The $700,000 Sunland Derby, New Mexico’s contribution to the Kentucky Derby Trail, became the first Derby prep casualty of the COVID-19 virus Sunday when track officials called off all races.
Set for March 22, Sunland would’ve awarded 50-20-15-5 Kentucky Derby qualifying points to the top four finishers — enough to send the winner to Churchill Downs on the first Saturday in May.
Sunland Shuttered Over Coronavirus Fears
Race officials closed Sunland Park at the behest of New Mexico Gov. Michelle Lujan Grisham, who asked the track to cease operations for “two to three weeks,” according to Sunland Park General Manager Rick Baugh.
“It is for the safety and welfare of our community, employees, the general population, and El Paso,” Baugh told the El Paso Times. “We’re falling in line with the school systems … the governor wants us to [flatten] the curve … to make sure we don’t wind up in the same position as New York and California. It was the right thing to do.”
As of Sunday, the Centers for Disease Control reported 13 confirmed cases of coronavirus in New Mexico.
Before the Sunland Derby became the first Derby prep canceled in the wake of the global coronavirus pandemic, horse racing seemed like it could be the last sport stopped dead in its tracks. Most racecourses around North America, including Sunland Park, have continued racing, but without spectators.
Cancellation Thins Field of Kentucky Derby Contenders
Sunland would’ve been the last Derby prep offering the 50-20-15-5 points breakdown. The horses that lose out without them include two Bob Baffert stakes winners, Azul Coast and High Velocity, Todd Pletcher’s Palm Springs, and Steve Asmussen’s Shoplifted. The Sunland cancellation cripples the Derby chances for all four, since none have enough points at this point to qualify. Typically, a horse needs around 40 points to make the Derby field.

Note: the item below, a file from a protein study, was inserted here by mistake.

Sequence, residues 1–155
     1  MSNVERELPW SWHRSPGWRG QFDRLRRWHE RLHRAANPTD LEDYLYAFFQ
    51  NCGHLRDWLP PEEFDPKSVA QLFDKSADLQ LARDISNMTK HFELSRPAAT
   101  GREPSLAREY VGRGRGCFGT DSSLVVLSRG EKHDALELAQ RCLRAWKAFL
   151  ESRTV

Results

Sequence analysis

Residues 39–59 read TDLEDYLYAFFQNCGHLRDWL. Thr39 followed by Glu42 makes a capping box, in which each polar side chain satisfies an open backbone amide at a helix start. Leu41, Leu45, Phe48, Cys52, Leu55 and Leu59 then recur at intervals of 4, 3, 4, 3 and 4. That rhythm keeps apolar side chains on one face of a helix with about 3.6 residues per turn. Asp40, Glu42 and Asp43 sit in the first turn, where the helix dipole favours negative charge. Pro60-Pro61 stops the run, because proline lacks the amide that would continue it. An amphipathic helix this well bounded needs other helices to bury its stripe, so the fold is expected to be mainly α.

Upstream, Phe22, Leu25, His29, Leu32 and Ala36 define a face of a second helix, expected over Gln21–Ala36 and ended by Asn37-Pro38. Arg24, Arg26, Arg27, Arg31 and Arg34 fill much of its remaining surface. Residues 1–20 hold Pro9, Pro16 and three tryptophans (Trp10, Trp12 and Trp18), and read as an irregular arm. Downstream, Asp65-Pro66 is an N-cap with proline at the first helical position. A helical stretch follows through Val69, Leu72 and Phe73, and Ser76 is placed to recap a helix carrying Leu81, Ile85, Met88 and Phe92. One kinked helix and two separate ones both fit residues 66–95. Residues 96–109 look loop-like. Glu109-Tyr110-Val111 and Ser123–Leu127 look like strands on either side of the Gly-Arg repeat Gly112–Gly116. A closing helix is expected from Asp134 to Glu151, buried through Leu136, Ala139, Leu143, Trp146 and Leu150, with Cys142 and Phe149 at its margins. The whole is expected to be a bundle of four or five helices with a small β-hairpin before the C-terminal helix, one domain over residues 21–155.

As of now, there are still higher-stakes, Grade 1 and Grade 2 races on the horizon, starting with Saturday’s Louisiana Derby, which awards 100-40-20-10 points. But barring cancellation of those races, the deeper fields would require horses the caliber of the Sunland Derby field to turn in career performances to even have a shot.
Also scrubbed from the race calendar was the Sunland Oaks, a prep for the Kentucky Oaks. That race for 3-year-old fillies is the second jewel of Kentucky Derby weekend at Churchill Downs.
Kentucky Derby officials are considering whether or not to cancel the May 2 Run for the Roses for the first time in the race’s 146-year history.
This is the second time in four years that the Sunland Derby has been canceled.
In 2016, the race fell victim to an outbreak of the horse-related EHV-1 virus, which rampaged through Sunland Park’s barns, forcing officials to call off the Derby and several other races.